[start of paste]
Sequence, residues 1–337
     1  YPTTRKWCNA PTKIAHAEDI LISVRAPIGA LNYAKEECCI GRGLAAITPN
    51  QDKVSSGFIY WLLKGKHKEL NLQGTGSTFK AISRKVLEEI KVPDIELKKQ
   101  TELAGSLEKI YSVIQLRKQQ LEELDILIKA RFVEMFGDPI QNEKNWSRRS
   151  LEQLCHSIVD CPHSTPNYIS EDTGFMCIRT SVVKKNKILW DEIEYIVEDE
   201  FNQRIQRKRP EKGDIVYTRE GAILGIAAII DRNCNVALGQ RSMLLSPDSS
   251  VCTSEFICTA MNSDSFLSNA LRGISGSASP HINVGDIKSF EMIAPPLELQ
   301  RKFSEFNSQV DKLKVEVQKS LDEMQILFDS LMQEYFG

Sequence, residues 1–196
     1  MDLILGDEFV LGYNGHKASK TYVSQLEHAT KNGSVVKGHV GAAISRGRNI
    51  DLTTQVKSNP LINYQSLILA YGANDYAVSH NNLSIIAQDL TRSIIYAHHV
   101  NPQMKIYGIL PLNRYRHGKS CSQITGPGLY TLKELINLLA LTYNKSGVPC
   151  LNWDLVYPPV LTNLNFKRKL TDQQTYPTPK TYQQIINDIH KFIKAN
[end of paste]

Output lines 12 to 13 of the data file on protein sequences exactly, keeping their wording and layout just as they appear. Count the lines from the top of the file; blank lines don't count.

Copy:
   101  NPQMKIYGIL PLNRYRHGKS CSQITGPGLY TLKELINLLA LTYNKSGVPC
   151  LNWDLVYPPV LTNLNFKRKL TDQQTYPTPK TYQQIINDIH KFIKAN